At base camp, we park next to a collection of semi-permanent tents woven from pure yak wool. Hand-forged iron stoves fueled by yak dung provide heat and cooking. After a brief tea break in one of the tents, we set off on a four-kilometer hike to the actual staging point for Everest climbers, beyond which no vehicles are permitted. Our Tibetan guide, a Jackie Chan-lookalike named Lotse, takes us on an off-road shortcut through rocky chasms and gravelly slopes. At lower elevations, the route would be only moderately challenging. But here the added elevation makes four kilometers feel like 10.
At trail’s end, we climb a low bluff topped by a chorten streaming with prayer flags. Ahead in the distance, beyond a vale of lesser peaks, stands Earth’s tallest extrusion, the mountain that British surveyors named for Sir George Everest and which has been known much longer among Tibetans as Qomolangma (Holy Mother). We manage a 15-minute audience before passing clouds cling to the peak, obscuring the view.
On the way down to continue our eastward journey to Kailash, we stop off at Rongbuk Monastery, founded in 1899 on a spot hermits and monks have favored for meditation for at least four centuries. Clinging to the side of a mountain at 5,100 meters, the remote refuge for around 50 monks and nuns is the highest monastery in the world.
That night we sleep at Saga, a military garrison town with the last hot-water shower we’ll see for a week. The next day our bus rambles on. Towns become villages, and villages give way to nomadic tent camps for Tibetan herders. Long stretches of windswept, arid terrain show no sign of human or animal life at all, other than the occasional Chinese police checkpoint in the middle of nowhere.
Along China National Highway 219, the highest roadway in the world and only completely paved in 2013, we climb over five mountains taller than 5,000 meters and pass 44 glaciers through Mars-meets-Middle-Earth landscapes.
An oversized gateway looming over a desolate high plain marks the way to Lake Manasarovar. Just as every Indian temple is paired with a water tank for ritual ablutions, the southern foot of Kailash boasts the highest freshwater lake in the world. At 4,588 meters, it’s as much an object of veneration and pilgrimage as Mount Kailash.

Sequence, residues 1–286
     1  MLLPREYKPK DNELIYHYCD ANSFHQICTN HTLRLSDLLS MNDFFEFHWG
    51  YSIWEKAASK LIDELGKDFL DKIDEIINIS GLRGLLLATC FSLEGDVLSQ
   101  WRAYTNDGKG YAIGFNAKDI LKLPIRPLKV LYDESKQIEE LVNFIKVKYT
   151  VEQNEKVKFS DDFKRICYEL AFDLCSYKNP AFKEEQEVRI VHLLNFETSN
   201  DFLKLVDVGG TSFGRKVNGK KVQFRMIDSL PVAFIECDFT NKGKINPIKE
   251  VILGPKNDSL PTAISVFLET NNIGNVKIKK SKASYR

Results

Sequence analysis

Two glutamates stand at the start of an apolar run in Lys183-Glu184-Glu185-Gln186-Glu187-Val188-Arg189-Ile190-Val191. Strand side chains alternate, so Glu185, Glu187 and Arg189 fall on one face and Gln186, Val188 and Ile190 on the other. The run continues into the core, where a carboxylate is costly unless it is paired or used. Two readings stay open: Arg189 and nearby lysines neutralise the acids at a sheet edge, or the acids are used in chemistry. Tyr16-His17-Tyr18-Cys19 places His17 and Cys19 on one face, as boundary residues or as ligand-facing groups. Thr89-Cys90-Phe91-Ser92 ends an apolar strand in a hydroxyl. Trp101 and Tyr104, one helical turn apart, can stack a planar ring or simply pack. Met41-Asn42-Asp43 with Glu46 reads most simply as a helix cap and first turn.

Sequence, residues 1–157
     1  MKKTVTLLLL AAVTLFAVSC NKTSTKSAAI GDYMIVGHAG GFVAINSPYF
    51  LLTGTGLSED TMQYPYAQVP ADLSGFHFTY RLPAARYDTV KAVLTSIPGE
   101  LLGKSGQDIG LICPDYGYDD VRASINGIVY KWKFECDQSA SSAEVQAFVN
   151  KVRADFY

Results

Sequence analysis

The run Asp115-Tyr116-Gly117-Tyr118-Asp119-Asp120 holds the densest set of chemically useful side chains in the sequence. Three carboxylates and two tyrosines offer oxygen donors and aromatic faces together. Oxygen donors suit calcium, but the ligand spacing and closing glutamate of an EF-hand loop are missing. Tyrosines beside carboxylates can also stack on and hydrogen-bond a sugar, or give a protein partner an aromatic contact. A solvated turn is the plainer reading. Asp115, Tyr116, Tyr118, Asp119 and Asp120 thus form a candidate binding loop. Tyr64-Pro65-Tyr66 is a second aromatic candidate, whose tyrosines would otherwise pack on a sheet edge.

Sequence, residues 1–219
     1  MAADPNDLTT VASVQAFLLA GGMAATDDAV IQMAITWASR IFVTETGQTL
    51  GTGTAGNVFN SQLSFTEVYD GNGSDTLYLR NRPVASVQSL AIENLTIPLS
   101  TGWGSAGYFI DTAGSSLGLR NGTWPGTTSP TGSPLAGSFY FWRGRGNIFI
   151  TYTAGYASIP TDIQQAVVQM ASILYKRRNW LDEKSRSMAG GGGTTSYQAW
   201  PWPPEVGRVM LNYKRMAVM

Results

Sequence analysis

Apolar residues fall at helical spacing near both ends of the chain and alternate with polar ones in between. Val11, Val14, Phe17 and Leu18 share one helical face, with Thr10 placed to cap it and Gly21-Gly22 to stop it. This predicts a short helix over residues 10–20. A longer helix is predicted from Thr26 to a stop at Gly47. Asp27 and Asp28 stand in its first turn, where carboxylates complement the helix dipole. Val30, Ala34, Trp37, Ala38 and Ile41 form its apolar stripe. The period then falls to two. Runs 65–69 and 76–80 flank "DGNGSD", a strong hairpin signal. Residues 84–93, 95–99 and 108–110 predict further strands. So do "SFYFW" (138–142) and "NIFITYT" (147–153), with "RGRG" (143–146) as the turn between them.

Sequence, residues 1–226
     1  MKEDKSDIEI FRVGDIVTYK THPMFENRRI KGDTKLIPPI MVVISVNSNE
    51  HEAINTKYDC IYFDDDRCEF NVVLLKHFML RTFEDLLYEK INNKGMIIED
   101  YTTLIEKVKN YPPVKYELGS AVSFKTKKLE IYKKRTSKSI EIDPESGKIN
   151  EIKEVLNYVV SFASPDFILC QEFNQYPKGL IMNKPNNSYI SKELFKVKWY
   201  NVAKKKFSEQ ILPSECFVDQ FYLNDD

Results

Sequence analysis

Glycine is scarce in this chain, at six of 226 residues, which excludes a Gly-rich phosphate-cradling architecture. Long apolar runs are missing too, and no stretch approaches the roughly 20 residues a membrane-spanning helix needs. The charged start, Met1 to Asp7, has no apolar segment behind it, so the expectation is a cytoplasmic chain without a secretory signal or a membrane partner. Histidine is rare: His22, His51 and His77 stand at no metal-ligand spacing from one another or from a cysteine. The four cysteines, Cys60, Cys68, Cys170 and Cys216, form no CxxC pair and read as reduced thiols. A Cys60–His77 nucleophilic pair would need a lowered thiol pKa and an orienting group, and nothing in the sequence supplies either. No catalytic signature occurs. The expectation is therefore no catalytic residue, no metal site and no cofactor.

Hindus see the lake as an outward manifestation of the mind of Brahma, the creator god. For Buddhists, it is Anavatapta, a calming, karma-curative lake at the center of the cosmos. For the rest of us, it’s a marvelous vision of shimmering sapphire blue rimmed by scintillating, multi-colored sand and grassy marshes visited by water-birds one would never expect to see at this altitude. Then you remember that within a 40-kilometer radius one finds the sources of four mighty rivers, all of them sacred on the Indian subcontinent: Indus, Sutlej, Brahmaputra and Karnali
Darchen is our last overnight stop before the kora. Over yak curry in a Tibetan tea house, Lotse explains that we need to pack everything we won’t need on the trail into bags to be carried by yaks that will follow behind us. Any supplies we need while trekking we must carry ourselves.
After packing a light daypack with nuts, chocolate bars, sunscreen, blister gels, and a water bottle, I climb under thick Chinese quilts in the unheated room I share with a German trekker. I’m both excited and apprehensive about the next three days. I hope the weather holds, and that I’ll be able to handle walking 52 kilometers at elevations between 5,000 and 6,000 meters.
We settle into walking rhythms that serendipitously divide our group into clusters of two or three. I find myself walking alongside Sonja, from Utrecht, on the first day because our respective paces are similar.
Chuku Monastery, founded in the 13th century, appears high to the west of the trail. Its rock walls exude intrigue. A little further on, a long, thin waterfall cascades from a soaring rock cliff, probably originating from glacier melt.
After an 11-kilometer day, we reach Dirapuk Monastery and a primitive guesthouse where we spend the night. On a hillside, both afford views across the river to the dark, glacier-streaked north face of Mount Kailash.
As Lotse and the yak driver prepare noodles for our evening meal, I compare notes on the day’s hike with my fellow trekkers. Spirits are high, but everyone knows the next day’s 22-kilometer trek up and over the highest point on the kora will be the real test. I fall asleep hoping that the good weather will last, and that my knees will hold up.
At 6 a.m., after a breakfast of boiled egg and Tibetan flatbread, we set off on day two in total darkness. I realize I’ve forgotten my flashlight. Gilles, a sporty 33-year-old from Switzerland, is wearing a strong LED headlamp, and kindly offers to hike alongside me till the sun comes up so that I don’t lose the trail.
Almost immediately the stony trail begins its steep ascent towards Dolma-la Pass. We zigzag among rocks and boulders that seem to increase in size the higher we climb. By 8 a.m. the sun is up, and we’re nearing the top of the pass. The exertion at this altitude is so intense that I have to stop to catch my breath every 10 or 15 meters. I tell Gilles, who is accustomed to Alpine heights, to go on ahead now that there’s daylight.